In Perry’s world

Rick Perry creates his own reality. You got a problem with that?

Gov. Rick Perry, sticking to his guns against further use of the state’s rainy day fund, dismissed a question Tuesday about whether he’s planning for dislocation of tens of thousands of elderly Texans if the House budget is passed and many nursing homes close.

“Those are … estimates that are not on my radar,” Perry told reporters outside the Texas House, where he made his first casual visit of the session to chat with members on the floor.


On April 18, Dewhurst said, “The last thing we want to do is force every nursing home operator who has Medicaid beds to shut down and some 50,000 to 60,000 grandmas and grandpas are pushed out on the street. Now, that’s not Texas.”

On Tuesday, though, Perry made it clear he’s not excited about using rainy-day money to avoid nursing-home closures.

“Look, everybody’s got concerns,” he said. “I don’t get confused about that. It’s also on people’s radar screens what they’ve been through the last two years, where people have had to make huge and hard decisions in their personal lives and their small businesses. And for the government to not have to make those is inappropriate. Look, nobody says it’s going to be an easy period of time. We all understand that. But to sit here and say, ‘Hey, sorry, we’re just going to have to raise your taxes,’ because we don’t have the courage to pass a budget that meets the requirements of being in our revenue stream, I don’t think is appropriate.”

When a reporter noted that Legislative Budget Board officials have told Senate budget writers that the rainy day fund very well could have $12 billion by August 2013, Perry snorted with derision. “I’ve lost so much faith” in the board’s “ability to estimate what’s going,” he said, after it estimated last month that 335,000 jobs could be lost in fiscal 2013 if as many cuts to state spending occur as the House budget proposes.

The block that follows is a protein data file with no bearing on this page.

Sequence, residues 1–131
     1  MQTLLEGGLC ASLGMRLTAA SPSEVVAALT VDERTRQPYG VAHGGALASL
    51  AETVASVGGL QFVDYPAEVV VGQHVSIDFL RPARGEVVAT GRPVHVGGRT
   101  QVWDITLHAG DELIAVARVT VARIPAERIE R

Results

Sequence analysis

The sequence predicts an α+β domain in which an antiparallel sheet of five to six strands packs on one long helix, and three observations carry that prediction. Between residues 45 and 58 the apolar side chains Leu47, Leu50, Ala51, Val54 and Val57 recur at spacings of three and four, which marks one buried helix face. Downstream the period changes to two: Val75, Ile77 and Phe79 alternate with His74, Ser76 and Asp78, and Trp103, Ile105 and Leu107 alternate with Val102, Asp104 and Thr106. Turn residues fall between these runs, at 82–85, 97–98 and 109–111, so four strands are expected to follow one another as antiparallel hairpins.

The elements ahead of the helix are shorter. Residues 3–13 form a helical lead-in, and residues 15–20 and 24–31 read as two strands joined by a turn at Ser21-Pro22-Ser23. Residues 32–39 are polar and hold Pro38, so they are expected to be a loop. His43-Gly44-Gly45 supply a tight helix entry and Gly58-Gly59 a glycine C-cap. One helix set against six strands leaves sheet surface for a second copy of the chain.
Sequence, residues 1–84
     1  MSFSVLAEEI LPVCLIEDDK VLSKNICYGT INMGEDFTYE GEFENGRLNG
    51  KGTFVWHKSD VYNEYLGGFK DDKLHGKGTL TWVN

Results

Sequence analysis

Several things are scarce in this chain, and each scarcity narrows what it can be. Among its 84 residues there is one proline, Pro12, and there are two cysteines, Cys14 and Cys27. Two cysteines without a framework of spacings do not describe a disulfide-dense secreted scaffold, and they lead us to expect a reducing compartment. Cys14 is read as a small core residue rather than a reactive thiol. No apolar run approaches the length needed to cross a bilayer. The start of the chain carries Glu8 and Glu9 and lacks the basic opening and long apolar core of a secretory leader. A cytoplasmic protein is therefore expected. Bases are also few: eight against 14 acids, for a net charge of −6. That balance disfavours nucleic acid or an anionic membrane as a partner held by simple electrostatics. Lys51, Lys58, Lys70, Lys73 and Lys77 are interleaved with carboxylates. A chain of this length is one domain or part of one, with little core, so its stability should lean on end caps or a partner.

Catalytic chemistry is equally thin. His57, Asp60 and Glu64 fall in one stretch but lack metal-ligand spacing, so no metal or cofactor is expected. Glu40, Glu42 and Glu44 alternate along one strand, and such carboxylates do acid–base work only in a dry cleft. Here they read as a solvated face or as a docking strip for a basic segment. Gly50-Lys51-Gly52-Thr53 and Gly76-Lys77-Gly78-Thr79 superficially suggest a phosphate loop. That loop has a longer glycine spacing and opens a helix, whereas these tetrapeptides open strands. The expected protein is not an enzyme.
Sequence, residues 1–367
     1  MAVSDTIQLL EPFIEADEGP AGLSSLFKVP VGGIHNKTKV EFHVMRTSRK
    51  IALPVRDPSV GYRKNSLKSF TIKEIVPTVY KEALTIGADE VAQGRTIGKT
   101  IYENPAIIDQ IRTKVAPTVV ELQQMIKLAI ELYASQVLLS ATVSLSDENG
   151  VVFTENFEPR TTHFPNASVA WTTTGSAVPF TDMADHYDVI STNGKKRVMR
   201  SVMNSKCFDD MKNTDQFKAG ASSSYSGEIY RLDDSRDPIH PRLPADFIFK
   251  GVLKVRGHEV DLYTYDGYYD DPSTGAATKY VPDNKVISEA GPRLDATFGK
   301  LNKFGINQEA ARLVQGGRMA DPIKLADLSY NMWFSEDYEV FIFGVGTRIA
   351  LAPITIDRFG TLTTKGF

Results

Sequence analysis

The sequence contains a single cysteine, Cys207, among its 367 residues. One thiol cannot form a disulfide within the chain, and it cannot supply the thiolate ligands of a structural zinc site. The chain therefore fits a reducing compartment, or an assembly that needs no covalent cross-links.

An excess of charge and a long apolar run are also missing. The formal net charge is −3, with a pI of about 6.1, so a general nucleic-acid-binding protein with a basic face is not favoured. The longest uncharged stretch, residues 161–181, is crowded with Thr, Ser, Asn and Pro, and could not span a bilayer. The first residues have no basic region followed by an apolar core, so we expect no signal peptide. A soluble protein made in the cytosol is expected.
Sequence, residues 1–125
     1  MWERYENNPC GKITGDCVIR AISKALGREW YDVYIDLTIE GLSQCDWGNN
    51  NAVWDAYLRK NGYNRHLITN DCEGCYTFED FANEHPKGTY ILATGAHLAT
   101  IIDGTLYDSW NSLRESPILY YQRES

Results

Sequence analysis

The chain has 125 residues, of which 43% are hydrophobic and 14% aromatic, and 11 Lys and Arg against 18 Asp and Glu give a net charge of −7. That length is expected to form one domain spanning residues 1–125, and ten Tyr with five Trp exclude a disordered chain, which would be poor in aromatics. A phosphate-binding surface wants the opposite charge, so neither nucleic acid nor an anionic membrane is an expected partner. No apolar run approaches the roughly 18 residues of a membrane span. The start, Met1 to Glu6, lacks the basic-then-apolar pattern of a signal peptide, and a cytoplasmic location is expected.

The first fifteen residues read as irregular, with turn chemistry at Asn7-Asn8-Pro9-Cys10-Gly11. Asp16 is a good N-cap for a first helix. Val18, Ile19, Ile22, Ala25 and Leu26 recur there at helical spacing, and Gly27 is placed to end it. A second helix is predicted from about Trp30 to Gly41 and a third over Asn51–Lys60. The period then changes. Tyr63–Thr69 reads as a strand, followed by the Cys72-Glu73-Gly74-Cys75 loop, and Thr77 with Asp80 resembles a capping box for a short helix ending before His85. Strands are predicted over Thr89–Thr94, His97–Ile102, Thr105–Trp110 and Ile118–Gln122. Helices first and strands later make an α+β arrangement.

Perry’s been Governor for more years than I’ve been a blogger. I’ve long since run out of ways to characterize him. The Legislative Budget Board displeased him by contradicting his worldview, so he dismisses them and continues on. If anything about this surprises you, you haven’t been paying attention. And if you think he’ll change his tune when the LBB’s projections pan out, I’ve got some lakefront property in Midland to sell you. After all this time, what else is there to be said?

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One Response to In Perry’s world

  1. Izzy says:

    What scares me is that Perry wants to be president. And with the Repub candidates confused, the time might be right for a dark (haired) horse to ride in and swoop up the nomination.

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